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A Nobel Peace prize?

I scanned my RSS reader quickly this morning.  Short on sleep, with at least an hour of work to do to prepare for my morning class, it was meant to be nothing more than a cursory glance.  The story – covered on some blog or other – stood there at the top of the list.  Nobel Peace Prize?  Obama? It didn’t look like a joke posting, but it just looked too unbelievable to be true.  So I scrolled down, saw the story on one, then another.  Then I saw it on Talking Points Memo.  Only then did I accept it as true.  Josh Marshall doesn’t joke around, nor does he print stories based on rumours.  Wow.

My first reaction, once I accepted it as true, was simply ‘wow’.  On one hand, it’s nice to see  a positive take from someone with perspective that isn’t tied up in the internecine struggles of American politics.  Even as you reject the “birthers” and the “deathers”, their brand of outrageous nonsense still colours the discourse.  And, like many liberals, I’m less than thrilled with the way the White House is handling the health care debate, the why the DOJ has handled some civil liberties cases.  So positive news is a breath of fresh air.  On the other hand, it seemed premature.  He’s seriously considering escalating in Afghanistan, while the Palestine seems on smoulder, on the edge of a new flare-up.  But the language of the Nobel Committee’s language spoke of change in the “international climate”.  And as the climate of international relations changes, it creates space for peacemaking.

Later on, I started to think about what people had said, had to say.  And it occurred to me that maybe Obama wasn’t such a bad choice.  Several people said that Obama received the prize “for not being Bush”.  Phrased that way, it seems trite, but that’s actually a pretty good argument for awarding him the Prize.

It’s easy to forget how much things have changed in the last year or so.  It wasn’t that long ago that people were discussing, with straight faces, the question of whether the US should use nuclear weapons against Iran.  Cheney and the neocons were ready to go to war with Iran.  There was also talk about war with North Korea.  Right or wrong, it seemed like the only thing holding them back from getting involved in another war was the fact that the military was strained to the breaking point.  In addition to that, the US wasn’t only using torture, people in the government were defending tactics like waterboarding.  So it’s more than “not being Bush” – it’s a conscious decision to abandon much of the former regime’s rhetoric and a good bit of their actions.  The Obama administration has still fallen short on civil liberties, it still hasn’t ended the wars, it still hasn’t closed Guantanamo…but that doesn’t change the fact that what they have done is huge.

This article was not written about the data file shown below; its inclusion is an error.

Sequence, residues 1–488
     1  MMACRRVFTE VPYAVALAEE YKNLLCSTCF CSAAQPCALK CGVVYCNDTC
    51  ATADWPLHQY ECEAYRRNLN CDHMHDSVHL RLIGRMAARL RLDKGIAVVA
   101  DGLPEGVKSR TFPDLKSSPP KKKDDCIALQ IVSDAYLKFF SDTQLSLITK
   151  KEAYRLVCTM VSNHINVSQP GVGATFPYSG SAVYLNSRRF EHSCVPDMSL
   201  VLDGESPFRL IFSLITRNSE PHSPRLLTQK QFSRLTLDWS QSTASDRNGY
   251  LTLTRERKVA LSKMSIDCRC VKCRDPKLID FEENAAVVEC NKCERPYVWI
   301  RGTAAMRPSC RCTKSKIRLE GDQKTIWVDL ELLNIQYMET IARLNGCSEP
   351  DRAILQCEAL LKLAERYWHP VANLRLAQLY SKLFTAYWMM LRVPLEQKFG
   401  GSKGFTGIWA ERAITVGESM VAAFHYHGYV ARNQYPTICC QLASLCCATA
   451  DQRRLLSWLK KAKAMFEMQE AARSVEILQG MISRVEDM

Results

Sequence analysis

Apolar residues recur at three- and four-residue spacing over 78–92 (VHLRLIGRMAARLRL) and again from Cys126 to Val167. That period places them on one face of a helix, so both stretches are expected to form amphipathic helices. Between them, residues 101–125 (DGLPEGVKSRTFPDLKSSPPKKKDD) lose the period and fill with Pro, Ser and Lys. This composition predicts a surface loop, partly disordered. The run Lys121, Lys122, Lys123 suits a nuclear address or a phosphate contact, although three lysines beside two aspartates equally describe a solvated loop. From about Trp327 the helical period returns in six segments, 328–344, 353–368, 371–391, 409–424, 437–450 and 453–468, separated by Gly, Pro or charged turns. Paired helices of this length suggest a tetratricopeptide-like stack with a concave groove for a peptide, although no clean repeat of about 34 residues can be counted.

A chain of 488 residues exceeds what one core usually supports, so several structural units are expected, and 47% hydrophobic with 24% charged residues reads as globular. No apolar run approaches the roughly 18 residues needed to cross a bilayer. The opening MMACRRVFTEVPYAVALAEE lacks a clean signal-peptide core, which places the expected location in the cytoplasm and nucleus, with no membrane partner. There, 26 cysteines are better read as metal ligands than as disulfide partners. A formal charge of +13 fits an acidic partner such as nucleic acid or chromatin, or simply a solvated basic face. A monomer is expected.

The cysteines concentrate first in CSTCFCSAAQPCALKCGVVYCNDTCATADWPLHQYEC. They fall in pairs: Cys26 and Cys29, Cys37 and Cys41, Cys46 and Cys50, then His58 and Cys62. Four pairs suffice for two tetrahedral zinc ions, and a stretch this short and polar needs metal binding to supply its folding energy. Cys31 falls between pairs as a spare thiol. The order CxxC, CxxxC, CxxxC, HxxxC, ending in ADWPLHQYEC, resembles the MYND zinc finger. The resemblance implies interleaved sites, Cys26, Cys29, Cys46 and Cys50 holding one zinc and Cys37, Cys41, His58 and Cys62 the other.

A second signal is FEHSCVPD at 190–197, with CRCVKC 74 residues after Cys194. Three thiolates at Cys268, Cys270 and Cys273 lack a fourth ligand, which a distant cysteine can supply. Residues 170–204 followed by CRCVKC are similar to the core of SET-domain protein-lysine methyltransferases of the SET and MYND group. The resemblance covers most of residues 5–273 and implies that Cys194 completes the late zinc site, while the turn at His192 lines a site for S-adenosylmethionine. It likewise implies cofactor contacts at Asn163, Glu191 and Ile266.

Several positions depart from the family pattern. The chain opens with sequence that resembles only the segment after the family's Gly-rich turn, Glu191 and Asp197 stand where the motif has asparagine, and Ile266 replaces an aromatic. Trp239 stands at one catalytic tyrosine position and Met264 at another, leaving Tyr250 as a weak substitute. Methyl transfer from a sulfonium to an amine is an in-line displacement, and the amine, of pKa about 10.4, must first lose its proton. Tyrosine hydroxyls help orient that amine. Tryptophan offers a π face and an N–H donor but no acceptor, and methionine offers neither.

But all of this is still simply a matter of “not being Bush”, right?  Not really.  Obama didn’t defeat Bush in the election last year.  He defeated John McCain.  And John McCain rhetoric was far more belligerent than Bush’s.  Not only was he singing “bomb-bomb-bomb Iran”, he also seemed ready to go to war with Russia over Georgia last summer.  And, of course, a McCain victory would have put Sarah Palin “a heartbeat away from the Presidency”.

Still, it’s easy to say “well OK, but any Democrat would have done this”.  But would they have?  During the Democratic primary Obama was ridiculed by his fellow Dems for his willingness to engage in diplomacy, even with Iran.  More importantly, he showed himself to have a spine when dealing with the right-wing claims that he (or any Dem) was “soft on terrorism” (or international affairs, or…)  Look what happened in the authorisation of the Iraq war.  Dems were cowed into voting for the war.  That’s important, because (as we have seen) the criticism from the far right is unrelenting.  And Congressional Dems have shown that they will cave if the far right gets loud enough.  This was important in the decision to stop the plan for (unproven) anti-missile systems in eastern Europe.  While touted as being defenses against Iran, they were most likely to provoke escalation with Russia.  Again, it takes enough spine to stand up to the far right and do what makes most sense.  Obama also has a proven track record on nuclear disarmament, of course.

Equally important is Obama’s attempts to improve relationships with the Muslim world.  Again, given all the claims that he was a “secret Muslim”, I can see strategists telling Obama “stay away from the Muslim world”, since it will inflame the far right.  It took courage to reach out.  And reaching out matters.  Not only does it create the opportunity to improve relations (and thus improve the global climate), it also may help average Americans begin to get over their Islamophobia.  You talk to Americans, even liberals, and they see Islam as monolithic, and scary.  Muslims were never popular in the US, but over the last few years they were dehumanised to the extent that deaths in Iraq and Afghanistan are seen as insignificant or even (horror of horrors) a good thing, in some cases.

Obama’s personal popularity and likability also contribute to the way he – and by extension, the US – is perceived in the world.  Again, this is more than being “not Bush”.  This is being Obama.  National leaders need to work together, regardless of what they think of one-another and regardless of what their people think of the other leaders.  It’s far more popular to negotiate with, to cooperate with a Barack Obama than with a George Bush.  Similarly, if you’re a demagogue trying to work people up against America, it’s easier when the American leader is hated, and much more difficult when the American leader is loved.